This weekend’s football headlines were dominated by disturbing scenes of violence surrounding the England vs Russia game. Many fans suffered serious criminal injury at the hands of extremist fans. One middle aged England fan was left fighting for his life.
It is no secret that England fans carry a negative reputation when it comes to crowd trouble at major tournaments. However, this year things seem to be worse than ever, thanks largely to a group of Russian ‘Ultra’s’ . They have made the trip to France, armed and motivated to seek out and assault English fans attending the tournament, leading to chaos on the streets of Marseille on Saturday night.
The French authorities have described the Russian supporters as ‘Ultraviolent’ and there are many snapshots and videos on social media to back this claim up. It certainly doesn’t help matters when a Moscow football official tweets his approval of the behaviour and carelessly labels it as ‘standing up for your country’.
Indeed such is the level of violence being seen from the Russians in France, that UEFA have today imposed Russia with a suspended disqualification. This means that if the Russian fans inflict anymore violence inside the stadiums, as they did on Saturday, then they will be kicked out of the tournament.
There have been many England fans suffering injury as the result of unprovoked attacks or through trying to protect themselves. Also, there has been reports of inadequate policing, both inside and outside the ground, with fans being tear-gassed by French riot police.
Fans, who have been caught up in the violence over this weekend, may return home wondering whether they can claim compensation for their criminal injury. If the same types of incident occur within the UK, then it is quite clear what the protocols are in terms of reporting the crime and make a compensation claim for criminal injury.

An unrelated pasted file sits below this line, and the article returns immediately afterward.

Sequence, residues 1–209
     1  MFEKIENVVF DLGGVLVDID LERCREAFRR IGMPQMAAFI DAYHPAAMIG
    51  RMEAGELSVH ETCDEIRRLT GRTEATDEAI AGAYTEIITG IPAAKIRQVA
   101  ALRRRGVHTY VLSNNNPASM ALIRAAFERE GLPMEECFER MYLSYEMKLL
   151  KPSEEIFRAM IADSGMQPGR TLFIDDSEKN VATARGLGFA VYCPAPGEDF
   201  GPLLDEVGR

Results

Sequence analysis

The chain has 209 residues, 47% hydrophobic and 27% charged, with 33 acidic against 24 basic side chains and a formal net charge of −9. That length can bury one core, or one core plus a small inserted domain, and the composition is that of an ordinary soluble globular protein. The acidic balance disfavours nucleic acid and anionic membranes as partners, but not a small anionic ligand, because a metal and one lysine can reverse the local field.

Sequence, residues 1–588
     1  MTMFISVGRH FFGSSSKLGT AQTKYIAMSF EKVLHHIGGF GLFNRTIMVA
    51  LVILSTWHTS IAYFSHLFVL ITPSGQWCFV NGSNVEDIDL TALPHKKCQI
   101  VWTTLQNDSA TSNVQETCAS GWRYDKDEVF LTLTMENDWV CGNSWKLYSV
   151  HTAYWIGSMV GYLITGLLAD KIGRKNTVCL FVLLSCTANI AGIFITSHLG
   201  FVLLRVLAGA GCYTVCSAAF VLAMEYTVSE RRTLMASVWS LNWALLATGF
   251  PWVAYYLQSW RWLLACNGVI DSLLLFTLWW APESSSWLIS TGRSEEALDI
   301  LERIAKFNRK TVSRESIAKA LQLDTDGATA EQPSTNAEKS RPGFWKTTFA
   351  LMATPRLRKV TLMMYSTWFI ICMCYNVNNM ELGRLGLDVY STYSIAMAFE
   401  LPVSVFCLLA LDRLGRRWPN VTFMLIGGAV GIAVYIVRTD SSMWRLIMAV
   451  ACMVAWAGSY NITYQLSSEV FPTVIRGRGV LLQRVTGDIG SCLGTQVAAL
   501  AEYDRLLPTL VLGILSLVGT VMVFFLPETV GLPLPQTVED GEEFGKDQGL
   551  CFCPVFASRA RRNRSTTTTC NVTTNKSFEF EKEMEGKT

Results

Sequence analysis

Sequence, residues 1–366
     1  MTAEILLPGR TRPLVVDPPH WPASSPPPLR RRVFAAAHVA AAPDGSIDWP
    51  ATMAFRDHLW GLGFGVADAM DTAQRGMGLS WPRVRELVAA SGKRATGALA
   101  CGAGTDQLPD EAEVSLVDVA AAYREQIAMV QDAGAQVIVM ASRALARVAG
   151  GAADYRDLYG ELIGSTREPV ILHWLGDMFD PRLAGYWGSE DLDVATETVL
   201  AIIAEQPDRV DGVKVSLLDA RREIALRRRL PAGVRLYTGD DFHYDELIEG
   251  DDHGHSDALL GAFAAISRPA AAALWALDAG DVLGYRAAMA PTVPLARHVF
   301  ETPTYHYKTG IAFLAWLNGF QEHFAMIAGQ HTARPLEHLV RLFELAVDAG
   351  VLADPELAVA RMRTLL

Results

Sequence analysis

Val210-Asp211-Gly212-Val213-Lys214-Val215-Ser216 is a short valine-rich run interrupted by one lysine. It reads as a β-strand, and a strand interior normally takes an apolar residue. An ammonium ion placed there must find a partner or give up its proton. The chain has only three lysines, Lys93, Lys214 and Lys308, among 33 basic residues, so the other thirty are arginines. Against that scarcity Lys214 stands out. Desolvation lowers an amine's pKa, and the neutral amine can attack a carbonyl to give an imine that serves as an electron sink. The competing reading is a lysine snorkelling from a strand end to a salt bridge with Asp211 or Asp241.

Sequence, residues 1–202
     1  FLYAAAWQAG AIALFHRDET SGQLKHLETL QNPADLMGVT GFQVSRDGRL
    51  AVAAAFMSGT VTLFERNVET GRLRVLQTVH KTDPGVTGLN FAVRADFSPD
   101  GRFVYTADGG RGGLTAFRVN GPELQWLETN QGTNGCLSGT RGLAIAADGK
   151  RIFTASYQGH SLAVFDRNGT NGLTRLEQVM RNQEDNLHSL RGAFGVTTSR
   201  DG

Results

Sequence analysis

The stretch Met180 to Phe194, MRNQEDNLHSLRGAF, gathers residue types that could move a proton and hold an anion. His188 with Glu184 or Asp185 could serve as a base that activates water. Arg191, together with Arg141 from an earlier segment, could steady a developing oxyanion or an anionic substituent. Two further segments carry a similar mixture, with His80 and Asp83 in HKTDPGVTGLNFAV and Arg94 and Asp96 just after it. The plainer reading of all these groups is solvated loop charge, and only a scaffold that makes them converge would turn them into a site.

We take a look what happens if you suffer a criminal injury abroad.
Can I make a claim criminal injury after being attacked abroad?
Yes it is possible for you to make a claim for criminal injury. The UK Government advise that the rules for claiming against violent crimes abroad vary, depending on whether the assault took place in an EU country or outside of the EU.
The first step would be to check with your travel insurance company to see if you are covered against criminal injury abroad. Some offer this option as part of their premium, so make sure you read ther terms and conditions.
In the UK, a claim for victims of violent crime is usually pursued through the Criminal Injuries Compensation Authority (CICA). The amount of compensation you are entitled to receive through CICA is referred to a tariff, which is dependent on your injury.
Hoever, CICA claims are subject to extremely strict rules surrounding your eligibility to make a claim. They state that the claim must be made within two years and that the claimant must be fully co-operative with the police. There should also be no evidence that claimant provoked their assailant prior to the assault.
There are similar schemes to CICA in other European countries and if you have been a victim of criminal injury in the EU, then it is possible for you to submit a claim through the UK based CICA.
What types of criminal injury does the CICA scheme cover?
CICA claims cover a wide variety of violent crimes. These include terrorist attacks, human trafficking offences, armed forces personnel who are victims of violence and holiday makers who have suffered criminal injury as a result of violence.
What do I do next?
As most European countries hold similar criminal compensation schemes to ours, we advise that you get in touch with the UK CICA organisation. If your injury was suffered in an EU country, then you can call their EU Compensation Assistance Team on 0300 003 3601.
If your assault happened on a holiday outside the EU, then you will need to apply directly to the country where you were assaulted. For help with this, contact the British Embassy, high commission or consulate.
We would then advise seeking legal representation or advice. Remember, in most cases the time limit to submit a claim for criminal injury abroad is two years. To find out more information about submitting a CICA claim why not give us a call on 0800 61 43 61. Alternatively, you can visit our criminal injury page to request further information or arrange a call back.